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  • You Can’t Tickle Yourself

    The greatest impact you can have on branding yourself as altruistic is when you do things when no one expects them. In other words, you maximize the amount of joy you share when others do not know it is coming. For example:

    • You strip all the romance out of buying flowers for a spouse or significant other if the only time you do it is when she has to ask you to do so.

    • You completely undermine the genuineness of your compliments if the only time you give them is when someone asks you to do so.

    • Your random acts of kindness become a whole lot less thoughtful if they are somehow orchestrated events.

    Expected versus unexpected

    There is no doubt that your altruism is at its best when the generosity you convey is done so without anyone having to solicit it. Think of this in terms of being tickled.

    Science has established that your touch can tickle someone else. Science has also established that individuals cannot tickle themselves.

    The reason for the difference, scientists have concluded, is that the human brain distinguishes between “expected” and “unexpected” sensations. Thus, when individuals attempt to tickle themselves, these are expected sensations and the brain will not allow the tickling sensation to occur.

    Go tickle someone

    Just as individuals cannot tickle themselves, you cannot convey true altruistic joy on others if they know it is coming or if they need to solicit it. Your altruism is most effective when you sneak up on others to present it.

    Spouses or significant others are romantically moved when they are showered with cards and gifts when they least expects them. Your compliments have a special meaning when you give them without any sort of solicitation. Likewise, the referrals you give and the business contacts you create for others become extraordinary acts of giving when you do them without any sort of prompting.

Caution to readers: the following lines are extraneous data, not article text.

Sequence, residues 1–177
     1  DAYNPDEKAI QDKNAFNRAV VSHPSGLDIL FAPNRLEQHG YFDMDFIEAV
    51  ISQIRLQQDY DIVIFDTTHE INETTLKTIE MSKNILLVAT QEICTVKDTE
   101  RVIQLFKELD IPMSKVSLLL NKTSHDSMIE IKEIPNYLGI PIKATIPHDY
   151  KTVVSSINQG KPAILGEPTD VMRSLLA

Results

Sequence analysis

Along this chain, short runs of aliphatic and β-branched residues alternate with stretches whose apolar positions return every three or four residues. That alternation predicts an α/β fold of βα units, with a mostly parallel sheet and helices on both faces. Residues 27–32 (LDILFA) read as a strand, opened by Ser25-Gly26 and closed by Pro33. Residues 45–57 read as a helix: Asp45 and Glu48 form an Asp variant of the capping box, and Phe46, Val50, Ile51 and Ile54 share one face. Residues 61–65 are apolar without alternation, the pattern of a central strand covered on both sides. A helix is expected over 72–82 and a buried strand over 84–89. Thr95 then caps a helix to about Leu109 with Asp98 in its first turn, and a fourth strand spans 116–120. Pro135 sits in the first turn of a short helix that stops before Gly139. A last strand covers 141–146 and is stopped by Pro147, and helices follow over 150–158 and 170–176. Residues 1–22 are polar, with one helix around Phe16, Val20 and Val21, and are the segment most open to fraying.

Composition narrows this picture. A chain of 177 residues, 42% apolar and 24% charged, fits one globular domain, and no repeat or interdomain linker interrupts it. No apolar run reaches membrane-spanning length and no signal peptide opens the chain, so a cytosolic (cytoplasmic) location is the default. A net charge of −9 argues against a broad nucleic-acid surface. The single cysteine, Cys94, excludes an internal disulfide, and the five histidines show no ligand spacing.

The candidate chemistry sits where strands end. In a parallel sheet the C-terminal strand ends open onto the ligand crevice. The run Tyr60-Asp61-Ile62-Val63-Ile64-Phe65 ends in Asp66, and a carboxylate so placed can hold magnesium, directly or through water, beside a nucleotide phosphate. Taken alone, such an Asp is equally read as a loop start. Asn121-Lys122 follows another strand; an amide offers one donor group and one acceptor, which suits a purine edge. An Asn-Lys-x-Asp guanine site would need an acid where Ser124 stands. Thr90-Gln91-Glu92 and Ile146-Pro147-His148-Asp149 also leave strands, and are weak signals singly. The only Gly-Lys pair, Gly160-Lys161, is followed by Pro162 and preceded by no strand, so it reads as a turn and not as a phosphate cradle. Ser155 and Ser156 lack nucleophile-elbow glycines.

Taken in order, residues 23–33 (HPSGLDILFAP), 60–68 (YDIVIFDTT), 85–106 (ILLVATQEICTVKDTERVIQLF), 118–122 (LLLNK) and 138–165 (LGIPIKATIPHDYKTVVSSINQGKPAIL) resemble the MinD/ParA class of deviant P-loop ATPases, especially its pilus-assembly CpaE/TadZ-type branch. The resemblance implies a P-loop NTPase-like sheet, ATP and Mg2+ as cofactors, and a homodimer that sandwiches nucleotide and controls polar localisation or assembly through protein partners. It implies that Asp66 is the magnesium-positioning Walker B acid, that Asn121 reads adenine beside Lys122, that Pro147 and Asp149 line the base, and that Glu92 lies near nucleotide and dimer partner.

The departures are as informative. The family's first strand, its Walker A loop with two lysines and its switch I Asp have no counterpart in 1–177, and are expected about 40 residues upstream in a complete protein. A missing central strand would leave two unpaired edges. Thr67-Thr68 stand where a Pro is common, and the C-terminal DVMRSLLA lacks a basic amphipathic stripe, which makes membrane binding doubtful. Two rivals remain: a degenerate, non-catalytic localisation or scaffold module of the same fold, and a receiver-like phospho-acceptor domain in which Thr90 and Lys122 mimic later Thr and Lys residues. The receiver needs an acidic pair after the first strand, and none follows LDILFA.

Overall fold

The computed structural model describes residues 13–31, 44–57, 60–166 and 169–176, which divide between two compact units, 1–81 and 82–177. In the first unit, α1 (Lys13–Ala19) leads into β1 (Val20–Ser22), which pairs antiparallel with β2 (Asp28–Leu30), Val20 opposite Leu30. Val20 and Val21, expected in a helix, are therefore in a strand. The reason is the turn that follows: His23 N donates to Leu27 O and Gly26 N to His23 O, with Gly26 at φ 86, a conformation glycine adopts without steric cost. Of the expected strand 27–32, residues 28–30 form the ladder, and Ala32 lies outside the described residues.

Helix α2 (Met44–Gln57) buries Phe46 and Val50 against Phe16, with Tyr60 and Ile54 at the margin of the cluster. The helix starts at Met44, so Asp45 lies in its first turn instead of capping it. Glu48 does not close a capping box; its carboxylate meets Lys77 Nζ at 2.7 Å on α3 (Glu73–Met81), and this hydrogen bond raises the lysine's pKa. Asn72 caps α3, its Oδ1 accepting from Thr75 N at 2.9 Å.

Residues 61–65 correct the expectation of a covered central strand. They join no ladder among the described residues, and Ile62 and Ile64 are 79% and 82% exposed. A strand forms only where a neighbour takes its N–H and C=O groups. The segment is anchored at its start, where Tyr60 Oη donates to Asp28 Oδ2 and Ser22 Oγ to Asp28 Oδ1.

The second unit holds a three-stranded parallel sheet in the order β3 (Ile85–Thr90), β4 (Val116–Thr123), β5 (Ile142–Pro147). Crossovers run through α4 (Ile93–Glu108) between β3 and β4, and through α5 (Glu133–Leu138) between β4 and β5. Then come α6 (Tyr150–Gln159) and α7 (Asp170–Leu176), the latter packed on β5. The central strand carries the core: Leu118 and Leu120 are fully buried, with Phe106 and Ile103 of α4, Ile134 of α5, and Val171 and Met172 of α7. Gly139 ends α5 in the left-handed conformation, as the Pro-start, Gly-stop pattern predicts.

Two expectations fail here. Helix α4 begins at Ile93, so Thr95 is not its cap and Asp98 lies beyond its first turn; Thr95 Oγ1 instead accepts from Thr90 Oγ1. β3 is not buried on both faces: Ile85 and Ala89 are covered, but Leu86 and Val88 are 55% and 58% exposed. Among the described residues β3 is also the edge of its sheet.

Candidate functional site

Therefore, to truly build into your brand the notion that you are a giving person, on occasion you need to get out there and go tickle someone – metaphorically speaking of course.

    Author:

    Frank Agin is the founder and president of AmSpirit Business Connections. In addition, Frank is the author of Foundational Networking: Building Know, Like and Trust To Create A Lifetime of Extraordinary Success and the co-author of LinkedWorking: Generating Success on the World’s Largest Professional Networking Website and The Champion: Finding the Most Valuable Person in Your Network.

    Frank Agin is the founder and president of AmSpirit Business Connections, an organization that empowers entrepreneurs, sales representatives and professionals to become more successful through professional networking and developing stronger business relationships. In addition, Frank is the author of Foundational Networking: Building Know, Like and Trust To Create A Lifetime of Extraordinary Success and the co-author of LinkedWorking: Generating Success on the World’s Largest Professional Networking Website and The Champion: Finding the Most Valuable Person in Your Network. He has also written dozens of articles and delivered hundreds of programs on achieving greater success through professional networking. All of his work and programs are an accumulation of his life experiences, observations and investigation as it relates to professional networking and business relationships. He is a graduate of Beloit College (Beloit, Wisconsin) and has a law degree and MBA from the Ohio State University. He lives near Columbus, Ohio with his wife and three children. To learn more about Frank Agin, go to www.frankagin.com. To contact him, you can e-mail him at frankagin@amspirit.com or connect with him through the following social media applications. LinkedIn: linkedin.com/in/frankagin Facebook: facebook.com/frankagin Twitter: @frankagin

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